‘Just Between Us’ Co-Host Dishes On Financial Hardships Of YouTube Success - Tubefilter. Two years ago, we published an article equating the then-current state of the online video industry to a gold rush.
Google, With Latest Acquisition, Moves Toward Kid-Friendly YouTube. In December, YouTube announced its plans to build a version of its site aimed at children.
Now, thanks to Google’s latest purchase, we have a better idea of how that site might take form. Google has acquired Launchpad Toys, a maker of mobile apps for kids. Launchpad is known for a series of apps called Toontastic, which each allow young users to create stories in which they are the characters. YouTube plan seems to be most relevant to a Toontastic app called TeleStory, which, according to The Guardian, allows each user to “write, direct, and star in your own TV show.” YouTube Reveals Its New Original Content Plan For 2015. Back in the fall of 2014, YouTube announced it would bring back an incarnation of its $100+ million Original Channels initiative and fund originals once again from some of the site’s most prominent and promising creators.
The video sharing platform then promptly reorganized its content division to better handle doling out presumably five, six, and seven-figure checks to its stars in exchange for premium programming. Now, the head of YouTube’s new Originals division, Alex Carloss, has revealed more details on this content push and what it means for developing Google’s online video site.
According to Variety, Carloss told an audience at the NATPE conference in Miami that YouTube hopes to launch the content initiative by the end of 2015. While the executive didn’t specify how much money Google’s online video site would be investing into the content efforts, he did note the programming produced via the initiative would tie into the Google Preferred ad program. Vimeo To Fund Exclusive Content From Maker Studios, YouTube's Biggest Network. While YouTube has kinda sorta resurrected its multi-million dollar Original Channels Initiative and is on the job to finance new content from some of its top creators, one of the site’s largest multi-channel networks just inked a deal to receive cash for exclusive programming from a different source.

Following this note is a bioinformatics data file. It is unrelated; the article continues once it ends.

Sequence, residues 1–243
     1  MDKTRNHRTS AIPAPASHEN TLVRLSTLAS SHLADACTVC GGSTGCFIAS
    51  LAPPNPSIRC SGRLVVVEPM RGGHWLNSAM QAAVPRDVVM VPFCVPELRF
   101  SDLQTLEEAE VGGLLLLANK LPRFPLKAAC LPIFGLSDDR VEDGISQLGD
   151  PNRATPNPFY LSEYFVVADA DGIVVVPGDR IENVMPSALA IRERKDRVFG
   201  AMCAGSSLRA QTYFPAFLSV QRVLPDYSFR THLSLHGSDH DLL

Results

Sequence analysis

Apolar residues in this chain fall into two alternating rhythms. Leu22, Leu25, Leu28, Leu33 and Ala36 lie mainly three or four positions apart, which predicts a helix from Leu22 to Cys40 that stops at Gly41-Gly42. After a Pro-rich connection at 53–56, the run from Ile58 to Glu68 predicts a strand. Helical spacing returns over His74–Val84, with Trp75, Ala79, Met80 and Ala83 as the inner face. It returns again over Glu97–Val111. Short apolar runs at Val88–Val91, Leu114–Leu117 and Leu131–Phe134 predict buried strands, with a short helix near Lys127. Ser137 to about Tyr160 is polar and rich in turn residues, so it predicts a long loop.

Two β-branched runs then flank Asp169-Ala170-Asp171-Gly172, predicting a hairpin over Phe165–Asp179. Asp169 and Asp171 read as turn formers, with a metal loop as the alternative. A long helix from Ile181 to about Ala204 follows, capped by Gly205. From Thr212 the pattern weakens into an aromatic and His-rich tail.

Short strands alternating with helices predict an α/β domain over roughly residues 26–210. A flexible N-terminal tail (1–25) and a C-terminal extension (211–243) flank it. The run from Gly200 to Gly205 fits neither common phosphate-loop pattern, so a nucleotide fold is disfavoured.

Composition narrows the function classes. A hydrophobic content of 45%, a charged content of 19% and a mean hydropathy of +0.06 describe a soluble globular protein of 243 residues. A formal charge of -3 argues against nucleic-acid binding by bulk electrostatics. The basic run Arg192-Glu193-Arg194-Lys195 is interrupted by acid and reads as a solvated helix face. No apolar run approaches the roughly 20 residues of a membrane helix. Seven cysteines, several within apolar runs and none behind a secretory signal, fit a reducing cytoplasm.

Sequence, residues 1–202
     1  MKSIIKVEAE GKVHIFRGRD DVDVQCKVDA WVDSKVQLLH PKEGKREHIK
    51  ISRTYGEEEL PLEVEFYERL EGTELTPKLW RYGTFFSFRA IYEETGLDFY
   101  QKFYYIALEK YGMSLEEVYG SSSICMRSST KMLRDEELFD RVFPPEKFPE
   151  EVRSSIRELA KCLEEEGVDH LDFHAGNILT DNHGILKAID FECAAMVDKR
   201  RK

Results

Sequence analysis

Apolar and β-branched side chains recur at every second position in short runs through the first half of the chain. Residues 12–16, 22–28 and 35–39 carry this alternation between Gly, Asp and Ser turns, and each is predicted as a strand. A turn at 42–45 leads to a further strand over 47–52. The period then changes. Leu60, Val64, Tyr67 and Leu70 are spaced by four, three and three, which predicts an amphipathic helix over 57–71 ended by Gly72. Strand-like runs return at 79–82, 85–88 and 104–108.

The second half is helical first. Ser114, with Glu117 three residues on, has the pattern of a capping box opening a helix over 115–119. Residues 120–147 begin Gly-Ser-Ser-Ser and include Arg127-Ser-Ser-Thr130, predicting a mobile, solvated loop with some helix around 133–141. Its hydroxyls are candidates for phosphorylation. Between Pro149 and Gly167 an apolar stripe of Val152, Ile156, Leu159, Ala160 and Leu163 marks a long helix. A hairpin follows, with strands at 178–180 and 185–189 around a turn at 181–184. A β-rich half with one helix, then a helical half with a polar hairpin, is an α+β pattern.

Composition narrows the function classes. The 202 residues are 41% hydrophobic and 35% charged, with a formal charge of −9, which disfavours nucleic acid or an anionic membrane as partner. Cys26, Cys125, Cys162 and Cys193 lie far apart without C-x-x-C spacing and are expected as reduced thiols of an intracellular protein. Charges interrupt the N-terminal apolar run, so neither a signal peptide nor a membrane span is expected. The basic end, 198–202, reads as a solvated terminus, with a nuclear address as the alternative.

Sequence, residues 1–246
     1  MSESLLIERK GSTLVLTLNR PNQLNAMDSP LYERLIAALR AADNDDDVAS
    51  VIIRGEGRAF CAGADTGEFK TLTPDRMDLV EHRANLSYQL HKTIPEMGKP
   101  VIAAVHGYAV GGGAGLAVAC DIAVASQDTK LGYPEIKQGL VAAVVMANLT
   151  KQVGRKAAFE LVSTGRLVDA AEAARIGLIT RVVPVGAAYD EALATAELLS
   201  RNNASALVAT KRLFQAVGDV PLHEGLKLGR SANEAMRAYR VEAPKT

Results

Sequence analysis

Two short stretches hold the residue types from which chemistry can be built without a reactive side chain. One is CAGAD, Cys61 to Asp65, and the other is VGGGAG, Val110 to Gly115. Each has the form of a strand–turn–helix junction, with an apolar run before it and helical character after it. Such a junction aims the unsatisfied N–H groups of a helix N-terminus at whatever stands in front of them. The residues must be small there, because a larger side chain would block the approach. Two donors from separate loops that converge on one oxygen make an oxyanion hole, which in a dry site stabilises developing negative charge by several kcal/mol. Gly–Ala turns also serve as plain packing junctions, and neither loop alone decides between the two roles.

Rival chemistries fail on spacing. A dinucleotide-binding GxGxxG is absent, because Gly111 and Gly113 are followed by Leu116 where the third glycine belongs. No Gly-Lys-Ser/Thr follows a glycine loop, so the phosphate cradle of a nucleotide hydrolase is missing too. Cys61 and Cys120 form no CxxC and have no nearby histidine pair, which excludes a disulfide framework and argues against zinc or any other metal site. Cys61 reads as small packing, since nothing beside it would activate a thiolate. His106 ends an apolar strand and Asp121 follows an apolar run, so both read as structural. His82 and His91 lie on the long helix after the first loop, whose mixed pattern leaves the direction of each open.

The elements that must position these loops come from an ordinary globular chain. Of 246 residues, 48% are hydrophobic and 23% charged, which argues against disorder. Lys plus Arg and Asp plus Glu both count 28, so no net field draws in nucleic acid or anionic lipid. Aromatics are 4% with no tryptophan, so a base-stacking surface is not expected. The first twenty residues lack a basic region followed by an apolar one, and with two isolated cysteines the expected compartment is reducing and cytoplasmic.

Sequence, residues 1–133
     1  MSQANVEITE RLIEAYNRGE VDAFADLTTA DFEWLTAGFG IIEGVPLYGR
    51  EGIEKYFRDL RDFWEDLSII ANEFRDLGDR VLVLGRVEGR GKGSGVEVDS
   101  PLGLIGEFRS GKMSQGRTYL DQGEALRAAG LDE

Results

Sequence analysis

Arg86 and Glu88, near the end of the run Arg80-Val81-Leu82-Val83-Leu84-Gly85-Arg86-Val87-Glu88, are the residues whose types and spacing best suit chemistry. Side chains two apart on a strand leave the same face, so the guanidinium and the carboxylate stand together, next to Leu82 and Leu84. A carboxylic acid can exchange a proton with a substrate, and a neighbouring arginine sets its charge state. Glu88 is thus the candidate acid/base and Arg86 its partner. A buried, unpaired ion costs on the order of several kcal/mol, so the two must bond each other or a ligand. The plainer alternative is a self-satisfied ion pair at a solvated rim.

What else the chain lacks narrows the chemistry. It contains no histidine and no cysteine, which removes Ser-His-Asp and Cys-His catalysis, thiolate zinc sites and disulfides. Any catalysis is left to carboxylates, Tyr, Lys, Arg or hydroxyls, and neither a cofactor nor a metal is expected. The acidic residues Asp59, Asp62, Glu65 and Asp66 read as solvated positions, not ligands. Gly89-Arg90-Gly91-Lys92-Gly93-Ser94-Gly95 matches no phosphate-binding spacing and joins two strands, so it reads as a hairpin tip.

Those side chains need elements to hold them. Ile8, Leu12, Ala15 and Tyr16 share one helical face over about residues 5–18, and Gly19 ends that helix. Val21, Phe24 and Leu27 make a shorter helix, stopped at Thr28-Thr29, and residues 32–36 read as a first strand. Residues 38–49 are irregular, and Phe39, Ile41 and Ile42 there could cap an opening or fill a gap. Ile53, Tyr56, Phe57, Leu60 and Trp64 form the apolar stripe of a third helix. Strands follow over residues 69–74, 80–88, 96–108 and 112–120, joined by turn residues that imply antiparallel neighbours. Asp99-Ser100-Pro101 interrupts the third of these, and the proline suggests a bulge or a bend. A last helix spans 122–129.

Vimeo announced today a partnership with Maker Studios in which the video-sharing site will fund original content from the massive MCN and its roster of over 55,000 creators and distribute that content by way of exclusive windows on Vimeo On Demand. “We’re excited to welcome Maker’s incredible community of creators to the Vimeo On Demand platform, allowing them to bring their content to new audiences and earn more revenue through direct VOD sales,” said Vimeo’s CEO, Kerry Trainor in the release.
Details aside from the fact the deal exists are scarce. The deal is a huge coup for Vimeo. The Stars of YouTube and Vine. If you haven’t watched YouTube in a while—if you’ve joined the Amish, or you’re Edward Snowden—a lot has changed.
Early on, the platform was a salmagundi of out-of-focus lifecasts. The viral hits were cats getting wet and one-offs like “Charlie Bit My Finger—Again! ,” a 2007 video whose exposé of House of Atreus-style family strife has earned it more than eight hundred million views. (Spoiler alert: a baby bites his brother’s finger.) YouTube was adults with camcorders shooting kids being adorably themselves.